Most People Now Rely On The Internet For News

Mar 3rd, 2008 | By | Category: Citizen Media, Internet TV, Podcasting Research, Podcasting Statistics

3 generations of women trust the Internet for news

Two thirds of all Americans are dissatisfied with the current state of journalism, and most now regard the Internet as their most important source of news, according to a new Zogby International survey.

The survey also found that while most Americans (70%) think journalism is important to the quality of life in their communities, two thirds (64%) are dissatisfied with the quality of journalism in their communities.

Other highlights of the research:

  • Nearly half of respondents (48%) said their primary source of news and information is the Internet, an increase from 40% who said the same a year ago.
  • 55% of those age 18 to 29 say they get most of their news and information online, compared to 35% of those age 65 and older.
  • Overall, 29% said television is their main source of news, while fewer said they turn to radio (11%) and newspapers (10%) for most of their news and information.
  • Just 7% of those age 18 to 29 said they get most of their news from newspapers, while more than twice as many (17%) of those age 65 and older list newspapers as their top source of news and information.
  • Web sites are regarded as a more important source of news and information than traditional media outlets – 86% of Americans said Web sites were an important source of news, with more than half (56%) who view these sites as very important. Most also view television (77%), radio (74%), and newspapers (70%) as important sources of news, although fewer than say the same about blogs (38%).

The survey has clear implications for podcasting and new media – people are looking to the Internet for news and information, but may not be ready to trust new news sources. The onus is on new media sites to establish a track record and build that trust.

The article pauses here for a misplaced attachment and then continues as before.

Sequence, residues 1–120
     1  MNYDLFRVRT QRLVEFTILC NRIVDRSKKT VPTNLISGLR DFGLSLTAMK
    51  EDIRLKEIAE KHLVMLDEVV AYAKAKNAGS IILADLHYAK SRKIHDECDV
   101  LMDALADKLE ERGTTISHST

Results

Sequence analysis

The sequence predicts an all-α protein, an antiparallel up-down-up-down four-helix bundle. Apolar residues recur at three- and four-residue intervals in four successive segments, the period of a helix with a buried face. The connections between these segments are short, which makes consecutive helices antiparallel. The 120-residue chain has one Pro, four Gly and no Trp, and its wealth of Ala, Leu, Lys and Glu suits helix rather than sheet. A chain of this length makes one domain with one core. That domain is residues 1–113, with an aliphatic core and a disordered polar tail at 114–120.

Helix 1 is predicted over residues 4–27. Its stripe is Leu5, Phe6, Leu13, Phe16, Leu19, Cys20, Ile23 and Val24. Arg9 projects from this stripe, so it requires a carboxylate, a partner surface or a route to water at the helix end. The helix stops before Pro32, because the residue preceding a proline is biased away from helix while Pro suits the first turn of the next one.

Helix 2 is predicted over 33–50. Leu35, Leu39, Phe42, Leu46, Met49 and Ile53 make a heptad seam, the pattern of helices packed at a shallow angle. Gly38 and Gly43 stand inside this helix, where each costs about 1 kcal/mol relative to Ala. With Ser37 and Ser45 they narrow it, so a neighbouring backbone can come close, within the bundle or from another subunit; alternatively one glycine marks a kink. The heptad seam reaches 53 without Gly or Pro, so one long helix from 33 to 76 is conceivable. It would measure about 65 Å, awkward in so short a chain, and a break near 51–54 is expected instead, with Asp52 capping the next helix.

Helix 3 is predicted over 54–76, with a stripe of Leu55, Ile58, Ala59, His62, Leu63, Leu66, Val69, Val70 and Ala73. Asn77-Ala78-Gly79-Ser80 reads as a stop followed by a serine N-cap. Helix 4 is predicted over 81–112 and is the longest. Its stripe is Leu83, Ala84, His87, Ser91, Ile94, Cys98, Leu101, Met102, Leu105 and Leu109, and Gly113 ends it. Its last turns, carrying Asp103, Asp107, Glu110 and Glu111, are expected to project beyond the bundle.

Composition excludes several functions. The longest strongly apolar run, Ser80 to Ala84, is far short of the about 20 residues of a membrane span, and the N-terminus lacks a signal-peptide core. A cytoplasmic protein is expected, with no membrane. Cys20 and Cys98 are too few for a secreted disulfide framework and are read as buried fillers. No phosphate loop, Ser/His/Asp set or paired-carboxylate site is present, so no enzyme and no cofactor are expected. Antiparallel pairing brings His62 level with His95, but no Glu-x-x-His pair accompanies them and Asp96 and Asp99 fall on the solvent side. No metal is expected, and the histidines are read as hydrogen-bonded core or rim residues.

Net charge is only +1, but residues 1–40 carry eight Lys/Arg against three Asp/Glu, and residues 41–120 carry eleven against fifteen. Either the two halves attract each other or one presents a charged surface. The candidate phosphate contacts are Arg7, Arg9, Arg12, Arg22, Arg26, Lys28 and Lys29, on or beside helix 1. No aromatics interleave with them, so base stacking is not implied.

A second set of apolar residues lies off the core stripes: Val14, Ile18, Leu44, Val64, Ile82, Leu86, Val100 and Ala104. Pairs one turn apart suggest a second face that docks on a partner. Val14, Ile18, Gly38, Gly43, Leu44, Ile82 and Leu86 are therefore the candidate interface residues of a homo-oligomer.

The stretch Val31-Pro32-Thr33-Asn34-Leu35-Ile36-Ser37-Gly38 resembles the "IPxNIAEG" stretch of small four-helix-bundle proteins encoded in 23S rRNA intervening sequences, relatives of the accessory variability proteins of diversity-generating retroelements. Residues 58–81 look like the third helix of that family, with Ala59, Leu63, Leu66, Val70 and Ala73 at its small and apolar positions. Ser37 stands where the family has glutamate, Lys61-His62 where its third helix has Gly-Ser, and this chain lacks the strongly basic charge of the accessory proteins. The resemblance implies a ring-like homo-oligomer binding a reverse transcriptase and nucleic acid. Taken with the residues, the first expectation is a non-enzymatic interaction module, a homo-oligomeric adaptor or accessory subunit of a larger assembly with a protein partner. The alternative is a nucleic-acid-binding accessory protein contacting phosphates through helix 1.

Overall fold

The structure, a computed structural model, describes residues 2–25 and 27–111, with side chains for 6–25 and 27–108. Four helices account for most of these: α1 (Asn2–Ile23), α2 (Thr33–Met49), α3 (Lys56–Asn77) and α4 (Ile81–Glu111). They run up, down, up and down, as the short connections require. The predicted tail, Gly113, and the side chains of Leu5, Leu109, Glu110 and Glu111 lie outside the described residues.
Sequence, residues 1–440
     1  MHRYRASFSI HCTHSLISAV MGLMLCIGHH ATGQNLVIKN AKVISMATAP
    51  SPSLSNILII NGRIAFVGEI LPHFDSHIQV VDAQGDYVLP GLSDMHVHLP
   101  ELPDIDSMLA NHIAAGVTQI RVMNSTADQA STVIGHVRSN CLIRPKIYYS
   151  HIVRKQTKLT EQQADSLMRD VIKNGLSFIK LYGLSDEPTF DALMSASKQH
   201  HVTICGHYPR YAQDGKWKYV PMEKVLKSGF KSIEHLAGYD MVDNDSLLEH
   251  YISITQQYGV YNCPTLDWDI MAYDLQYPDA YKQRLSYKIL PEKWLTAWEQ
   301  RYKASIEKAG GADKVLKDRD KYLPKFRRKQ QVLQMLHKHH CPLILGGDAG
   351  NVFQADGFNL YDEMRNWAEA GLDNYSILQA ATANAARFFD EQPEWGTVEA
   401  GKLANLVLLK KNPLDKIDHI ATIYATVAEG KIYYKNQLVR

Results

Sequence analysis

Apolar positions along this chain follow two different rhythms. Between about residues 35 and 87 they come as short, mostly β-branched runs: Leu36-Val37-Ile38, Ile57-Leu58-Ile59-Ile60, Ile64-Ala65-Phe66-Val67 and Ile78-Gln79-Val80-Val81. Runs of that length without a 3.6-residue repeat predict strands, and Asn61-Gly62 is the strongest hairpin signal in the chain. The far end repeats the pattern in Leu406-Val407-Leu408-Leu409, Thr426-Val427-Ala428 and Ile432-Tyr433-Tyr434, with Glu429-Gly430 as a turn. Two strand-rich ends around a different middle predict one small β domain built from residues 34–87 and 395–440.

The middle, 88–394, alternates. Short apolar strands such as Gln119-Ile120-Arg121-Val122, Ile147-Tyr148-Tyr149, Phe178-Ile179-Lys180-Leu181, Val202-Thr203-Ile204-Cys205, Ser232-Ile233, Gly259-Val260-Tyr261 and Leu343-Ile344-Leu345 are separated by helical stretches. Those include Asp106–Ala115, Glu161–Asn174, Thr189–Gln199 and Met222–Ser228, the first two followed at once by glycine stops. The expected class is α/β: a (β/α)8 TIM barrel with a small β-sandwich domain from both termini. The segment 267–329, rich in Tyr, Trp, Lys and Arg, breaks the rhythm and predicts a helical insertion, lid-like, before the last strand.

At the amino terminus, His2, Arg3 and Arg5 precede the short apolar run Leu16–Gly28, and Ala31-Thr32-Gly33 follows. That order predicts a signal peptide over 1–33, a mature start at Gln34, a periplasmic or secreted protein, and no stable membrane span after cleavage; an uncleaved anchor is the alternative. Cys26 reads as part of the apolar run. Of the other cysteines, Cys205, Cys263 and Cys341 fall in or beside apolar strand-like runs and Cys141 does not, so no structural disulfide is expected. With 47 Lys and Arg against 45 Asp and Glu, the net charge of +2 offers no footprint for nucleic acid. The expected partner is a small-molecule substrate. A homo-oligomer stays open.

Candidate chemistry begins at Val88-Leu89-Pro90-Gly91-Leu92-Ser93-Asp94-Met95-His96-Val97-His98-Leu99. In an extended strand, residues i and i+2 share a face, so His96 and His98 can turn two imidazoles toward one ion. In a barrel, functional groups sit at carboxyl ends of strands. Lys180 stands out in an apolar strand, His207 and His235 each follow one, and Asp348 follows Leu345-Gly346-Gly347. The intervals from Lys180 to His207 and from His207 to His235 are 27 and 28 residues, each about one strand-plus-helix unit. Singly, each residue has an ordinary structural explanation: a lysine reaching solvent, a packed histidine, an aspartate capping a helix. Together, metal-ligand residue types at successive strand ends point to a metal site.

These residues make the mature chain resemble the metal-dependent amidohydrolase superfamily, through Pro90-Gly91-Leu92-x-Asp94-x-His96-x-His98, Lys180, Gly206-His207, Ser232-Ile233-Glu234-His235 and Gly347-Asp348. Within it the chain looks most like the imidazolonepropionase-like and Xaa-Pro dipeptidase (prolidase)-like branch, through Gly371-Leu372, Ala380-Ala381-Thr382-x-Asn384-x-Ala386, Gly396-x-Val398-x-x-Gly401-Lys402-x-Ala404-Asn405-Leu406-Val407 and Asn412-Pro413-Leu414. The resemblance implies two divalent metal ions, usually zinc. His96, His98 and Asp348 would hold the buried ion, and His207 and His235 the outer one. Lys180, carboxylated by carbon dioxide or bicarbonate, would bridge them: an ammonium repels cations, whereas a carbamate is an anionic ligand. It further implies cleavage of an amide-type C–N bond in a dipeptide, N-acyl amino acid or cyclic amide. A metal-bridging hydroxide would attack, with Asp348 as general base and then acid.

Overall, the survey finds the Internet not only outweighs television, radio, and newspapers as the most frequently used and important source for news and information, but Web sites were also cited as more trustworthy than more traditional media sources – nearly a third (32%) said Internet sites are their most trusted source for news and information, followed by newspapers (22%), television (21%) and radio (15%).

Other findings from the survey include:

  • Although the vast majority of Americans are dissatisfied with the quality of journalism (64%), overall satisfaction with journalism has increased to 35% in this survey from 27% who said the same in 2007.
  • Both traditional and new media are viewed as important for the future of journalism – 87% believe professional journalism has a vital role to play in journalism’s future, although citizen journalism (77%) and blogging (59%) are also seen as significant by most Americans.
  • Very few Americans (1%) consider blogs their most trusted source of news, or their primary source of news (1%).
  • Three in four (75%) believe the Internet has had a positive impact on the overall quality of journalism.
  • 69% believe media companies are becoming too large and powerful to allow for competition, while 17% believe they are the right size to adequately compete.

Republicans (79%) and political independents (75%) are most likely to feel disenchanted with conventional journalism, but the online survey found 50% of Democrats also expressed similar concerns.

Those who identify themselves as “very conservative” were among the most dissatisfied, with 89% who view traditional journalism as out of touch.

Image: lyzadanger

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One Response to “Most People Now Rely On The Internet For News”

  1. Ed Roberts says:

    Interesting study. However, I’d be interested to see if these same people get their online news information from traditional news sources. So, instead of watching the 6 o’clock news, they visit the station’s website.

Leave a Reply to Ed Roberts